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Q&A with Attica Locke and Bridget Lawless

Bridget:  The theme of ‘home’ runs through this novel – and broken family relationships litter its pages: Darren’s shaky marriage, his blackmailing mother, his deep sense of home back in Camilla. Then there’s the land owned and settled by freedmen on the shores of Caddo Lake, who look after their own, and the Aryan Brotherhood followers who’ve squatted it and made it their home, too. And again, the toxic home of the missing boy Levi, his mother and her bullying boyfriend, while jail will be the lifelong home of Levi’s Aryan Brotherhood father. As a writer, what does home mean to you? And have you had to leave a place you love, either to escape something holding you back or to follow new opportunities

Attica:  Well, in a way I left Texas to be free of some of the restrictions I experienced there, and for some of the ways the political culture and climate were not a fit for my adult view of the world and what it should be. I write this even as I have warm feelings about where I come from and always will. But I can also love it from afar.

I also moved to California to pursue a career in film and television, something that I don’t think I could have done as successfully in Texas.

Bridget:  Darren’s motives throughout the novel are often less than pure. He’d be happy to pin Malvo’s murder on Levi’s father. He doesn’t want an elderly black man to be guilty of the abduction or murder of a white Aryan Brotherhood boy. He resists his friend’s insistence that justice must be seen to be done equally.  Why did you decide that the main character in the series should be flawed in these particular ways, and is it somehow inevitable he’d be torn between what’s right and what’s expedient, or desired?

Attica:  For me this was the only way to write a cop, which is a character I didn’t feel I had a natural affinity for. Knowing that Darren feels conflicted about the power the badge bestows on him allowed me to write a cop character I could believe in. And I think flawed characters are the most interesting – whatever they’re background, whatever their profession.

Bridget:  Am I right in assuming that you wrote Heaven, My Home since the Trump administration came into being? I’m intrigued that you set the novel in the period between his election in 2016 and his inauguration. What was it about that moment in time, rather than further into his presidency, that felt right for the telling of this story?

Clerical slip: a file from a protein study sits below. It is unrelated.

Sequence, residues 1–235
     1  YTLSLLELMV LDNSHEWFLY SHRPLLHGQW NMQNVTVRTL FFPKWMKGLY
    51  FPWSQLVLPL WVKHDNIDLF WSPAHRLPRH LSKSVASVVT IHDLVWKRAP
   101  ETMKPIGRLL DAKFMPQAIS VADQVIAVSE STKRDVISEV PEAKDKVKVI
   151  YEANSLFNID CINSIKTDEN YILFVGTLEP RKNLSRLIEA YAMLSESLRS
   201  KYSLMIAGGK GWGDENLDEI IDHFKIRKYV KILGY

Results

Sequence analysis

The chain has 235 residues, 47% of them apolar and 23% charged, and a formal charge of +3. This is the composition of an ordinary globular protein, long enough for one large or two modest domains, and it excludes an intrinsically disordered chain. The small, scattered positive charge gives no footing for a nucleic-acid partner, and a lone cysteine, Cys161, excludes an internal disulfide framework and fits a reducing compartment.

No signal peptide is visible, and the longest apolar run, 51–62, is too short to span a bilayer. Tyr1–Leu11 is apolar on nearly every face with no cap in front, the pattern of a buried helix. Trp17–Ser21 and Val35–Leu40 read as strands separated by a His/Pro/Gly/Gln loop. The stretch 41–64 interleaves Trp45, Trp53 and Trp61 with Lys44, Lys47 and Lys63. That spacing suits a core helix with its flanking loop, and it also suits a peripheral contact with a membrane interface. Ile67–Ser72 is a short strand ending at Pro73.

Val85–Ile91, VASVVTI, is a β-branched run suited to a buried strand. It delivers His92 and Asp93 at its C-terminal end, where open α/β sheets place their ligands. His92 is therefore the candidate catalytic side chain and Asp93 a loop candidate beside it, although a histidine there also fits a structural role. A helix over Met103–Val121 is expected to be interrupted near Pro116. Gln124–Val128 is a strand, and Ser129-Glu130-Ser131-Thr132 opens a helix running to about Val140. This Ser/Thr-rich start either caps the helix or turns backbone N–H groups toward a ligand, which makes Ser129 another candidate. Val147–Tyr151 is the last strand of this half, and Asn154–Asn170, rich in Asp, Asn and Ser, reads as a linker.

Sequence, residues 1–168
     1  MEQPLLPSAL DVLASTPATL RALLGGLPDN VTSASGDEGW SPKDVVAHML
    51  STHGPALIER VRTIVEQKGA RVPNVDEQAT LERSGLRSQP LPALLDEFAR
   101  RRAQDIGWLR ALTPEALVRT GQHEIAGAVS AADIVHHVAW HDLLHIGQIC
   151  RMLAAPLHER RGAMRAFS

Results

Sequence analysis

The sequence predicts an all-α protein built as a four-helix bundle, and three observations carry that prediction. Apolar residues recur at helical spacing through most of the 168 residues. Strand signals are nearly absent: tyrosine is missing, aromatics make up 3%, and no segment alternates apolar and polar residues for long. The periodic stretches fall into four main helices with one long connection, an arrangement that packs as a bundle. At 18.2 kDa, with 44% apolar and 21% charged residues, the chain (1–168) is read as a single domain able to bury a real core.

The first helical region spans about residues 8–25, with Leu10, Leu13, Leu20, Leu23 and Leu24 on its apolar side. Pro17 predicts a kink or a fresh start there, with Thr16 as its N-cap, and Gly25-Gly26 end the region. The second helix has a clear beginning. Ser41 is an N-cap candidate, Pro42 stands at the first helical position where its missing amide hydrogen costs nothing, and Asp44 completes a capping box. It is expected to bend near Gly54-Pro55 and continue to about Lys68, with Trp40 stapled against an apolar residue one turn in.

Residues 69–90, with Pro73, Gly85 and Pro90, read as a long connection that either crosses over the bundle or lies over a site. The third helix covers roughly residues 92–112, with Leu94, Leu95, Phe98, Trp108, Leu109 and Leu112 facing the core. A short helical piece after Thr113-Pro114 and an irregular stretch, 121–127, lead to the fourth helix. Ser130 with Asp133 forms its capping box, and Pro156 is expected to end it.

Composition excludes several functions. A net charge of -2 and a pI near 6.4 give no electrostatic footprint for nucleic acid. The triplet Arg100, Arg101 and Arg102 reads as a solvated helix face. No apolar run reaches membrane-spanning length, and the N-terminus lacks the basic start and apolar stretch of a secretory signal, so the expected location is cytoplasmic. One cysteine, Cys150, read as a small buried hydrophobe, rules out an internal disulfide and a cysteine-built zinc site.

Attica:  The decision to tell the story before Trump’s inauguration was driven by the way the previous book in the series ended. It ended on a cliffhanger, and it seemed unbelievable that months and months would have gone by before that unresolved issue from Bluebird, Bluebird was handled. Then once I realized Heaven, My Home would take place within no more than two months of the previous book’s ending, I leaned into what it would mean to try to the do the right thing by a nation when there was the ticking clock of a monster about to take office.

Bridget:  Darren tries to quantify the amount of grace owed a child who was merely copying the grown men around him. ‘He hated to think the country was growing racists like bumper crops, full of piss and venom, as bitter as the dirt from which they came.’  Four years down the line, do you think Trump has fertilised a bumper crop of racists like never before? And is there hope of bringing all those people around with anything but heavy-handed law enforcement, now they’ve embraced that sense of entitlement?

Attica:  I don’t presently know where the hope lies. I definitely think that Trump has both used racists for his own ends and encouraged a lot more of them to come out of the woodwork. Ultimately, I think the most virulent of racists will yell and scream and act out to their last dying breath as a group. And they will die out.

Bridget:  Heaven, My Home, and Bluebird, Bluebird in the Highway 99 series are crime novels with detection and law enforcement as their drive. How does placing a black Texas ranger in a racist southern territory give you a wider canvas than putting a black cop in an urban setting?

Attica:  I think Texas Rangers in general are unlike any other law enforcement agency. They have a great deal of freedom of movement and freedom of approach in terms of how they investigate crimes. And rural Texas–when you get out there–can feel isolated. A Ranger like Darren could feel a sense of power and autonomy that he might not as a beat cop in an urban city. At the same time, he could get into a lot of trouble and danger before any backup could make it in time to save him.

Bridget:  You’ve given us an amazing soundtrack to this story – the Zydeco music, country gospel, jazz. I wasn’t the only one of the Staunch team playing each of the tracks as they were mentioned and it gave a whole new dimension to the story.  The Oakridge Boys song  ‘Because of Him’ includes the line from which your title is taken ‘I have but one goal, to make Heaven my home. ’ It was really satisfying to find these little gifts scattered through the book. Does music play a big part in your writing – do you listen, while you write? And is constructing the playlist a separate task or one that occurs naturally as you go along?

Attica:  The title didn’t come from the Oakridge boys song. It’s from a version of I Shall Not Be Moved by Jesse Mae Hemphill.

I do listen to music when I write. I create playlists for every book and project that I work on. Music for me is a heart-opener. It’s a big part of my process.

Bridget:  Who are your own writing heroes and heroines?

Attica:  Walter Mosley, J. California Cooper, Laura Lippman, Larry Brown, Toni Morrison.

Bridget:  What are you working on at the moment?

Attica:  The next Darren Mathews novel and a television adaption of my sister’s memoir, From Scratch, for Netflix.

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